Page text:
For a deeper understanding of fame of a different sort, there’s the Kurt Vonnegut Museum in Indianapolis, open since 2011. See his Smith Corona 2200 typewriter, Vonnegut’s extensive art work, and also his rejection letters and other important papers. Curator Chris LaFave said visitors tell him Vonnegut’s writings are relevant today as we sort through the ageless topics of loneliness and addiction.

You’ll be encouraged to travel more by Vonnegut’s quote about his home state: I don’t know what it is about Hoosiers, but wherever you go there is always a Hoosier doing something very important there.

With literally hundreds of museums throughout Indiana, it’s impossible to list them all. But here are some highlights worth checking out:

Auburn Cord Duesenberg Automobile Museum in DeKalb County offers over 120 cars on exhibit on three levels, and nine automotive themed galleries. Also in DeKalb County, check out the National Auto and Truck Museum.

Richmond boasts several top- notch museums, among them: the Model T Museum, located in the Historic Depot District; Richmond Art Museum, Indiana’s second oldest art museum; Indiana Football Hall of Fame, which honors persons associated with high school, college and professional American football in Indiana; and the Wayne County Historical Museum which houses, among many other notable items, the only two mummies on display in Indiana.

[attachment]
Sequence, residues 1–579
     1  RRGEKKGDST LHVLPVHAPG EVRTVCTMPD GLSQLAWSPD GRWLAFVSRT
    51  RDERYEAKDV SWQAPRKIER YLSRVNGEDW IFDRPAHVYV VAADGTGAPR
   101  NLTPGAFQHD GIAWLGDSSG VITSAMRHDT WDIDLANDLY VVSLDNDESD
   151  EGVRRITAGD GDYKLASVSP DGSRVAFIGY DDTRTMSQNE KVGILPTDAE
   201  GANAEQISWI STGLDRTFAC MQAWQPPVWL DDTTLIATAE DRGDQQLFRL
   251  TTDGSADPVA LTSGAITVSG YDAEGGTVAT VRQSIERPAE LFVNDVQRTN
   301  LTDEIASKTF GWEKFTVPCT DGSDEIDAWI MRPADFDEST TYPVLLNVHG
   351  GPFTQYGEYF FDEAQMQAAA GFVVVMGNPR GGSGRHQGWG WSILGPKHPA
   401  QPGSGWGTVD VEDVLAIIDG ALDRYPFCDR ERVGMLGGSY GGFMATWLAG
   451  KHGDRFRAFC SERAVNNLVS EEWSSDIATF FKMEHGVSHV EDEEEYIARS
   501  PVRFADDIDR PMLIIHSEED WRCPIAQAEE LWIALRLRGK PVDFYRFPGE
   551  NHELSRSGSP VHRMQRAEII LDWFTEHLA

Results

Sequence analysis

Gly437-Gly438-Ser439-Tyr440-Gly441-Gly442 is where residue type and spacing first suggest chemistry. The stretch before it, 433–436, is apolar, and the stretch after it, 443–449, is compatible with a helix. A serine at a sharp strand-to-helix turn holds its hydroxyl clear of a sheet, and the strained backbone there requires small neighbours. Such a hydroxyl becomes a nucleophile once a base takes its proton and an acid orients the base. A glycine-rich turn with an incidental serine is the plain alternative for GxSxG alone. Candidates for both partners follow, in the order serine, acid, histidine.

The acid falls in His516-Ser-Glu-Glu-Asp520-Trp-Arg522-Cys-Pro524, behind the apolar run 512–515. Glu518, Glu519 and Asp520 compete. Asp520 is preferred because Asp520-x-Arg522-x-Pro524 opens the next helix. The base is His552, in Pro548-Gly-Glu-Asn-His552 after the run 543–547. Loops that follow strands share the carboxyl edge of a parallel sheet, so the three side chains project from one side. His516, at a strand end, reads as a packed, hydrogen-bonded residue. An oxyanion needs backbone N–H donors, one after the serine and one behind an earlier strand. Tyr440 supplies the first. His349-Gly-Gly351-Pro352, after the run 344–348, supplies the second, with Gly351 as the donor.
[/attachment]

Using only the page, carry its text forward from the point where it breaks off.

In Kokomo, check out the Howard County Museum, located in the Seiberling Mansion, which features late- Victorian architecture, beautiful handcarved woodwork, and multiple exhibits highlighting the history of Howard County. The Elwood Haynes Museum celebrates the developer of “America’s First Car” in 1894 and houses a collection of his possessions and inventions, including stainless steel, vapor thermostat, multiple alloys, and a revolving exhibit of Haynes automobiles.

While Indianapolis is home to the world’s largest children’s museum, other kid favorites around the state include the Muncie Children’s Museum, with interactive exhibits like water works, a simulated dinosaur bone dig, and animal education; Kids Commons in Columbus, a completely hands- on museum aimed at teaching children through fun interactive exhibits; the Terre Haute Children’s Museum called “three stories of fun, laughter, and exploration in the heart of Terre Haute;” Wonderlab Museum of Science, Health, and Technology in Bloomington, an award-winning science museum located on the B-Line Trail in the heart of the Bloomington Entertainment District; and Fort Wayne’s Science Central, housed in the historic former City Light and Power Plant, with 35,000-square- feet of exhibit space.